15)  Learn Proper Grammar.  Learn when to use I or me; when to use he/she vs. him/her; the difference between there, their, and they're; the difference between your and you're; the difference between it's and its.  Don't end sentences with a preposition (i.e. Where is he at? = nails on chalkboard).  Don't start sentences with conjunctions like but or and (these words are meant to join things, not begin things).  The rules of grammar are not terribly complicated and will eventually become natural if you practice them regularly.   Using proper grammar (and spelling) is an indication that you have paid attention to details.  It shows that you are intelligent and educated.  (If you are ever unsure ask Memaw!!)

16)  Present Solutions, Not Just Problems.  There is nothing wrong with speaking up when there are problems that need to be addressed whether it is in your job, in your home, or in your relationships.  However, do not just complain and whine.  State what you see as a problem and then present a solution.  Your solution may not be utilized in the end, but being able to present one shows that you have carefully considered the situation.  It proves to others that you are not just complaining, but that you are trying to help solve the problem.  Your "complaints" will get more attention and respect if you can be helpful in reaching a resolution.

17)  Surround yourself with good people.  You cannot choose your family, but if they bring you joy and peace, embrace them.  Turn to them in times of need or anxiety - big or small - and they will give you the insight and comfort that you need.  You can choose your friends, so choose wisely.  Surround yourself with positive, supportive, intelligent, morally ethical people with whom you share a mutual respect.  Choose friends who see your beauty (inside and out) and who make you a better, happier person by bringing you joy, laughter, insight, and peace.  (Remember, too, that your eventual husband should be your absolute best friend.  If he is not a good friend he will not be a good husband.  He should bring you joy and peace as well as romance and love!)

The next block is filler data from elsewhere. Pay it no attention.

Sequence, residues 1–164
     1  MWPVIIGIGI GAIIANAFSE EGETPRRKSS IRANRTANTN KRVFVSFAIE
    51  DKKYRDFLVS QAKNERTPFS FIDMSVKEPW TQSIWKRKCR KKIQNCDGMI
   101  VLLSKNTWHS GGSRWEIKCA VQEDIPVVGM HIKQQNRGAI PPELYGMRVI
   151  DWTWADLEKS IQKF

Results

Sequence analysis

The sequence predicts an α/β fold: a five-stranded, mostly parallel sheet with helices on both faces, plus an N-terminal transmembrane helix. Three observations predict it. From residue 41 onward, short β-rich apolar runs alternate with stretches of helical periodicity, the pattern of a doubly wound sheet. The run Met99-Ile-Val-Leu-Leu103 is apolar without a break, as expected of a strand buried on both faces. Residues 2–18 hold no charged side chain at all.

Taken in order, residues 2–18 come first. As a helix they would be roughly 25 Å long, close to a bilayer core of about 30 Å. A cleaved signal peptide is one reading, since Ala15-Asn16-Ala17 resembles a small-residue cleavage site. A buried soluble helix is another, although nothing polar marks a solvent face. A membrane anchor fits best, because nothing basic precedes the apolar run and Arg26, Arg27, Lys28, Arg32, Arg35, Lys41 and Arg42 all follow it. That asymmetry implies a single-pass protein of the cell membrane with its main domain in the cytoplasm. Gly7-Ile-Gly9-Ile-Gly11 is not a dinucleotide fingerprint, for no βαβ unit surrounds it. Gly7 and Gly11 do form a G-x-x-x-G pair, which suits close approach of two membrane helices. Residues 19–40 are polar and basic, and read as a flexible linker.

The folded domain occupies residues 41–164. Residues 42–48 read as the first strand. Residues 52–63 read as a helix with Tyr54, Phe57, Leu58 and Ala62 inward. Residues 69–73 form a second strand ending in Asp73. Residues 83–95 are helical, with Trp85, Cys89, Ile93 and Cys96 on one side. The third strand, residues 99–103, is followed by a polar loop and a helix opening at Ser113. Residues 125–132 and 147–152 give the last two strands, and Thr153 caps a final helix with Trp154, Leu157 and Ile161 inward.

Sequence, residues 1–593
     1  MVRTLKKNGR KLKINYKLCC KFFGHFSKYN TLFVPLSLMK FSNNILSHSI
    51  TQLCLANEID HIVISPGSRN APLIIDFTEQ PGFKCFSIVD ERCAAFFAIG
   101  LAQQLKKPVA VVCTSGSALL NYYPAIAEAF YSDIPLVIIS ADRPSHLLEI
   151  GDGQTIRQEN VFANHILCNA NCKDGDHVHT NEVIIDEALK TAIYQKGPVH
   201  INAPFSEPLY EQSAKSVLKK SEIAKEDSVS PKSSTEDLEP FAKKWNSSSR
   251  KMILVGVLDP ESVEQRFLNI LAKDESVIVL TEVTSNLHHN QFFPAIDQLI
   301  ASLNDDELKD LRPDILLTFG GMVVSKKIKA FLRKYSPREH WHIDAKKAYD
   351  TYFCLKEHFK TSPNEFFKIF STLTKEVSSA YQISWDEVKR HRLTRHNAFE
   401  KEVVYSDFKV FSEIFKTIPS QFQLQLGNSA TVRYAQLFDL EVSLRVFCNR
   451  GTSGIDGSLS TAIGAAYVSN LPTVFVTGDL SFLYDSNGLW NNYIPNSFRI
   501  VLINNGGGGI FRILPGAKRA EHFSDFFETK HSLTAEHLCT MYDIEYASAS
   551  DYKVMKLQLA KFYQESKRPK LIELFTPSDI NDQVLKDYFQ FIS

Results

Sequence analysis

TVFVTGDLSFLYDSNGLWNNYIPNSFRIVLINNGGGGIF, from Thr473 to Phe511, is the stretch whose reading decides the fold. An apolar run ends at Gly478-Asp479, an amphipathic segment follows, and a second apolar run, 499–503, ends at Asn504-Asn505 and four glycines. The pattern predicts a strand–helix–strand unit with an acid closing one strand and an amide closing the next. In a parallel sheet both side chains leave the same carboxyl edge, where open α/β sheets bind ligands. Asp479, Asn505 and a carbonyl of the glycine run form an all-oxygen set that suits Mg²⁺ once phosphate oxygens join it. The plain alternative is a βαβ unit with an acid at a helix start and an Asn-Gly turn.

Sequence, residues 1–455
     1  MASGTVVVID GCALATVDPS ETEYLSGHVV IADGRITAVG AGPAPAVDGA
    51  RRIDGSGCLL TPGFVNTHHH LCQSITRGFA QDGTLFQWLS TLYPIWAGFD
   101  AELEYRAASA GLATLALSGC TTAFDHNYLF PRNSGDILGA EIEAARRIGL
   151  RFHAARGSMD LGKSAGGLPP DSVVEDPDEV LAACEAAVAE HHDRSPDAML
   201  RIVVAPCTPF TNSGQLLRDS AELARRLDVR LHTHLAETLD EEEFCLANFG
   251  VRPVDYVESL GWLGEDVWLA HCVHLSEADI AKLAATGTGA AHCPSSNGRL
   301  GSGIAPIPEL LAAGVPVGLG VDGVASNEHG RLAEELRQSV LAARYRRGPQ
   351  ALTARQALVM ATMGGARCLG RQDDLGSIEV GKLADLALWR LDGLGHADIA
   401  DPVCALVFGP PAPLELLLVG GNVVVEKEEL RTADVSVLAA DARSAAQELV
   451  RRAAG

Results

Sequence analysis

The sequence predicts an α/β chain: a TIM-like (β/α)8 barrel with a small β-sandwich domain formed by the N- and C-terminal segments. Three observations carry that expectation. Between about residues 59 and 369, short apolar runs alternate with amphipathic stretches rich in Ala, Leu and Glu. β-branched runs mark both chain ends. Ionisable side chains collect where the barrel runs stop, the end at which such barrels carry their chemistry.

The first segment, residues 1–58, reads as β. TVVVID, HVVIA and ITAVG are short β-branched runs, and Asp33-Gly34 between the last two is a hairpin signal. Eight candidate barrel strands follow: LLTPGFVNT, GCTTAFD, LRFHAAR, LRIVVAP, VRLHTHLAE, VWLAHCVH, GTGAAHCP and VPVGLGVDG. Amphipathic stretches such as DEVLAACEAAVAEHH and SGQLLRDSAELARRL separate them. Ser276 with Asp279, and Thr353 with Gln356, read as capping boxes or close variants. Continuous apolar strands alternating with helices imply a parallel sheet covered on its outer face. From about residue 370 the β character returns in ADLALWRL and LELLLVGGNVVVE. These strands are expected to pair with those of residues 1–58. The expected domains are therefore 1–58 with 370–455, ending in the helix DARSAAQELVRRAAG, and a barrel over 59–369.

18)  Stand up for your beliefs.  If you are liberal, be liberal.  If you are conservative, be conservative.  Once you have chosen a stance, stick with it.  Don't be wishy washy and change your opinion to please someone else or to avoid confrontation.  That shows others that your are weak and easily influenced.  No matter which side you take on any issue, be educated and be able to intelligently defend your position.  Don't be afraid to speak out - in an intelligent, ethical manner - to defend your cause.  If you are educated about the topic and can express your thoughts clearly, people will respect your opinion even if they disagree.  

As I read back over these, it is painfully evident that I am not perfect.  Although I try, I don't do all these things all the time.  However, I think I do them more often than not.  Some of these pearls I have learned the hard way.  Some I am thankful to have learned from my parents.  Some I have learned form others or just from experience.  I know there are things you will eventually add to your own list of "Life's Rules," but I hope this gives you a good start and a solid foundation.  Above all else, remember that you are loved more than you will ever know - by me, by your Daddy, by your family, and by God.  I pray that love will give you the strength and courage to be the best person you can be - always.  

Monday, October 24, 2011

Nail Polish and Thailand, a winning combination